Neglected children end up with smaller brains: Study suggests
A new study conducted by the researchers suggests that people whose childhood had been spent in neglect and derivation have smaller brains than normal people. The research was being done at King’s College London.
They studied the children at the Romanian orphanages. After the study ended the conclusions suggested that these children on average have brain size 8.6% smaller than a child of the same age who is getting proper parental care.
These Romanian orphanages do not treat and care properly for the children and they are often chained in their cots and the conditions of the rooms remain filthy. These orphanages started coming up in Romania after the fall of their communist dictator Nicolae Ceausescu in 1989.
All the children had spent two weeks to four years in these orphanages. The researchers told that the brain size being small can have a much more profounding effect on the body in adulthood.
Previously researchers have shown that children who are later adopted by loving families still have higher chances of suffering from mental problems in later stages of their life. The most common side effects or conditions include autism, attention deficit hyperactivity disorder (ADHD) and lack of fear from strangers.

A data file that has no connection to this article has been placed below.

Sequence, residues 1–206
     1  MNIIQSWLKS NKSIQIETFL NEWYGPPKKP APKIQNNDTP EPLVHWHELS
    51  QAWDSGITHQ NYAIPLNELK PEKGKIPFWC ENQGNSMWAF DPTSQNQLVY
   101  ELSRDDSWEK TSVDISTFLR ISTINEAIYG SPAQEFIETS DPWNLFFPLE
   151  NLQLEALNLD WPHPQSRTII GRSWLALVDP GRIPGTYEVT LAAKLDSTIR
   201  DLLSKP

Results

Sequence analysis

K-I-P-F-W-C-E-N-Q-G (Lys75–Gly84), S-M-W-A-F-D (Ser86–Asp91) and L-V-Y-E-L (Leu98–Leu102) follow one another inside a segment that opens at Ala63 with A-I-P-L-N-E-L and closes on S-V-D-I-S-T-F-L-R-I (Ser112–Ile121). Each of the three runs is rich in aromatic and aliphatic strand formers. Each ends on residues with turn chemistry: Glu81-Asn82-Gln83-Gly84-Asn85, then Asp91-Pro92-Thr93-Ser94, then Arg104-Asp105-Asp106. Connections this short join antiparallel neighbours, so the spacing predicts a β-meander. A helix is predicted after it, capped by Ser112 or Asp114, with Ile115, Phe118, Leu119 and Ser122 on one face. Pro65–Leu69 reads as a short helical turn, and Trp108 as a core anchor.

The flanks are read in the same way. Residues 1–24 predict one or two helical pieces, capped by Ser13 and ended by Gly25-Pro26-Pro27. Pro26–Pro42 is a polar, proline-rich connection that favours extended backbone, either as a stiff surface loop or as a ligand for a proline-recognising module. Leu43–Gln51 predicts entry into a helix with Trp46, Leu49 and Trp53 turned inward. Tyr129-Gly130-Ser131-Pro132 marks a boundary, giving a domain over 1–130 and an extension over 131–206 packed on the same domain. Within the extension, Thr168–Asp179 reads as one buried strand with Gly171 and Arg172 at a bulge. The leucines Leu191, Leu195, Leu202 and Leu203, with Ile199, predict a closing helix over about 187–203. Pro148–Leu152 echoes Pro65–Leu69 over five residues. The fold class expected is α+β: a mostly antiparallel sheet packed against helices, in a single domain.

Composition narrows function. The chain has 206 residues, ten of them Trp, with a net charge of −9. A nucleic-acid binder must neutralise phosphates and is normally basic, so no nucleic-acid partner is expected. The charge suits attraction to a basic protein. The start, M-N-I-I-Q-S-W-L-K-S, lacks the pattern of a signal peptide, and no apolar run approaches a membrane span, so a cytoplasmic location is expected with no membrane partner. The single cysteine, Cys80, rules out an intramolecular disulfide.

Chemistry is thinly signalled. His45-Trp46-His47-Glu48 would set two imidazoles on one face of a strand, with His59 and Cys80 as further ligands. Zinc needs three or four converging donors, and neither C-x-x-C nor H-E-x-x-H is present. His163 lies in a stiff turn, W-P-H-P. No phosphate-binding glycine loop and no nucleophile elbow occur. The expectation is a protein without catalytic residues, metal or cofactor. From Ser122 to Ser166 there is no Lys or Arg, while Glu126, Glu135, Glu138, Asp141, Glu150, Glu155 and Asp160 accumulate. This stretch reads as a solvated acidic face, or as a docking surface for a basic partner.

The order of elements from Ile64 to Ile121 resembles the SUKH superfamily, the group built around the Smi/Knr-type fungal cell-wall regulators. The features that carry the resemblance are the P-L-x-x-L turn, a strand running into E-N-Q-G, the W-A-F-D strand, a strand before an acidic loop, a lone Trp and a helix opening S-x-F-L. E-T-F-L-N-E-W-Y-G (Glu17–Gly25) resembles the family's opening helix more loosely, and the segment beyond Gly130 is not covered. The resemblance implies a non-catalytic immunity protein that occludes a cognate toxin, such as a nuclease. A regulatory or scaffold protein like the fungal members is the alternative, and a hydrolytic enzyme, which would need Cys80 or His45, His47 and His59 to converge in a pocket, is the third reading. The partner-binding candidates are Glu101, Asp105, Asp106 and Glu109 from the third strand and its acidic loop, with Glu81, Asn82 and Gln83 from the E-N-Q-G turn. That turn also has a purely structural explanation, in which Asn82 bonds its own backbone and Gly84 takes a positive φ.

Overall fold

The details of the research have been published in the Proceedings of the National Academy of Sciences.
In the study conducted there were 67 children from these Romanian orphanages who were later adopted and 21 others who did not face such harsh conditions in their orphanages. All the Romanian adoptees had a brain size which was around 8.6% smaller than the non-Romanian adoptees.
The longer they had spent in the orphanages the more was the reduction in their brain size. There were also structural differences between the two groups of children. All these regions in the brain have functions like motivation, memory, and concentration. The Romanian adoptees had these portions of the brain underdeveloped.